This desert honey varietal is from a species of plant native to southwest Texas and northeast Mexico known as Guajillo (aka huajillo, thornless catclaw, mimosa catclaw).
Guajillo honey is very light, and before the mesquite and tallow invasions, was a prime honey in Texas. The Uvalde County honey varietal is listed on Slow Food's Ark of Taste as one of the world endangered honeys.
The nose will immediately draw you in with its warm spicy notes of cinnamon, peach and dried fruit. The honey is packed with pollen which will linger in the back of your throat.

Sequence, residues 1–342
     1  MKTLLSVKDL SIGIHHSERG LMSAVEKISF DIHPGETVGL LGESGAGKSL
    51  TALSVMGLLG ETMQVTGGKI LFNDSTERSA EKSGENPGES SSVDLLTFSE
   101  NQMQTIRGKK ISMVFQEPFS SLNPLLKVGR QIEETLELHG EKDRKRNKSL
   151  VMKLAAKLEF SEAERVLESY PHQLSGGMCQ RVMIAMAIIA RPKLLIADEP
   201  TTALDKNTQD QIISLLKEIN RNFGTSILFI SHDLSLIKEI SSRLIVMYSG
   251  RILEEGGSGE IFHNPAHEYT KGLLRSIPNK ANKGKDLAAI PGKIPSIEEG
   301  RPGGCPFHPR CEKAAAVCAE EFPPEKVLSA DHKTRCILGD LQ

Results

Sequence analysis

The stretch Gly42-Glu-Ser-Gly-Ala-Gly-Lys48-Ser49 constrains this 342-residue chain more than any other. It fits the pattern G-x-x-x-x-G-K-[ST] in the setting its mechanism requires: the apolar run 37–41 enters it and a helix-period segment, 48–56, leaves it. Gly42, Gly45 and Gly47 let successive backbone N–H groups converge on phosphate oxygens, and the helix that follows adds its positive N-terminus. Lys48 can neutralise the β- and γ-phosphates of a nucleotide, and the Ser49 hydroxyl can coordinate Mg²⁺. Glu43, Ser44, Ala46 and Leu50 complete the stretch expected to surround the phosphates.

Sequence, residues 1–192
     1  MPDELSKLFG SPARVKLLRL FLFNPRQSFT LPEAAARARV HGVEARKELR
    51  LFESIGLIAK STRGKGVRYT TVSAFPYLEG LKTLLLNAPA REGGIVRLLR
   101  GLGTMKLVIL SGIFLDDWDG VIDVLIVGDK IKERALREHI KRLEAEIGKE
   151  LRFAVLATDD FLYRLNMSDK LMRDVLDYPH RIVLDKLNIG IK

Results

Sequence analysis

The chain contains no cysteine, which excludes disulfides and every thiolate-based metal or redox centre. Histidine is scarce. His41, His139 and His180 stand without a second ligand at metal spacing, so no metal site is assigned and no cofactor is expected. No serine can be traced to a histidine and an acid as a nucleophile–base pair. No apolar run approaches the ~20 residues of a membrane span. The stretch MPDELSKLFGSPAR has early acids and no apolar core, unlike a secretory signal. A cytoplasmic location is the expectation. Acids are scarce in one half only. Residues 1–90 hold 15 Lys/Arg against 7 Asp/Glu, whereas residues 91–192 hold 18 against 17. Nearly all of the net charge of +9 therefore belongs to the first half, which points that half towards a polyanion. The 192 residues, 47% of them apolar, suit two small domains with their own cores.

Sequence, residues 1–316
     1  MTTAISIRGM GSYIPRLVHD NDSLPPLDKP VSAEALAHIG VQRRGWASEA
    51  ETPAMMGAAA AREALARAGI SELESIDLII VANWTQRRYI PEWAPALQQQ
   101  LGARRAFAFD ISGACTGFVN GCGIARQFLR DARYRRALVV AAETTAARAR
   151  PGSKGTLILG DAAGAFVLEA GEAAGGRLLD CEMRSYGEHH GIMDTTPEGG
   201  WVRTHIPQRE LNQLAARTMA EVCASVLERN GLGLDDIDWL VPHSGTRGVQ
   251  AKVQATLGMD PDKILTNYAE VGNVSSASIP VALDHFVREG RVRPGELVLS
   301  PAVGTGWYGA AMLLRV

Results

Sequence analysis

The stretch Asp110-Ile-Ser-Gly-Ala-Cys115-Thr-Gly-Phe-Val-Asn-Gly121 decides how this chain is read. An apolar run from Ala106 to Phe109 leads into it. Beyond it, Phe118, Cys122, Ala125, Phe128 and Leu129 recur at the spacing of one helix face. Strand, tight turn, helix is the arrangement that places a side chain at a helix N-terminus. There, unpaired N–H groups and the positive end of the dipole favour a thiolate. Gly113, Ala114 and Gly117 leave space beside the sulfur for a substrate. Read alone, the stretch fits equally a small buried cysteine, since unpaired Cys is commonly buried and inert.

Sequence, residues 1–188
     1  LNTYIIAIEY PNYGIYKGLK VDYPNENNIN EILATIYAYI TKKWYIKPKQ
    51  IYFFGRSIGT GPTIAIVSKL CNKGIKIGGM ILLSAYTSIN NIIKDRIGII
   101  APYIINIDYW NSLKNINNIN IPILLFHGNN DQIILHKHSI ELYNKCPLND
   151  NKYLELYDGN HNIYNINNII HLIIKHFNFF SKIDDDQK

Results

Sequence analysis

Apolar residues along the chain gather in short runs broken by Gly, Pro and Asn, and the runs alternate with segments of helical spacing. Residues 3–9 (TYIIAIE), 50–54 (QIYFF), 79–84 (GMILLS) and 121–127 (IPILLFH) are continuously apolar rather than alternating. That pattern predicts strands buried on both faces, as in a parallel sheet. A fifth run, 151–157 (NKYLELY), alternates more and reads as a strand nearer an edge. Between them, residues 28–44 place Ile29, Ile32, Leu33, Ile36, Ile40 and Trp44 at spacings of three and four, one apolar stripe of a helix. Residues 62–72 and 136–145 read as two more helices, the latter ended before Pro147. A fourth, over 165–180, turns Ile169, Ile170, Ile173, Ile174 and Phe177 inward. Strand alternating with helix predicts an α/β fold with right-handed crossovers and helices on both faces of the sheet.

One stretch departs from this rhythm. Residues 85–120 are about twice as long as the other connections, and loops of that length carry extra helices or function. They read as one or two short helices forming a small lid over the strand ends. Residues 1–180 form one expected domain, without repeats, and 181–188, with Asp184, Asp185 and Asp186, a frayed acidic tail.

PAIRING GUAJILLO HONEY LIKE A PRO
Expert Honey and Cheese Pairing
Fresh cheese like ricotta or Brie.
Try it on pancakes and or use it a glaze for pork. Guajillo honey also goes well with pecans, crusty bread, and a glass of sangria.
Infused honey is the result of combining honey and high quality dried herbs or other dried ingredients, plus time, love, and patience. Once the desired flavor profile is reached, we carefully strain the added ingredients.
Creamed honey is a “controlled crystallization” that allows for small crystals to make the honey spreadable instead of the larger crystals of solid, unprocessed honey.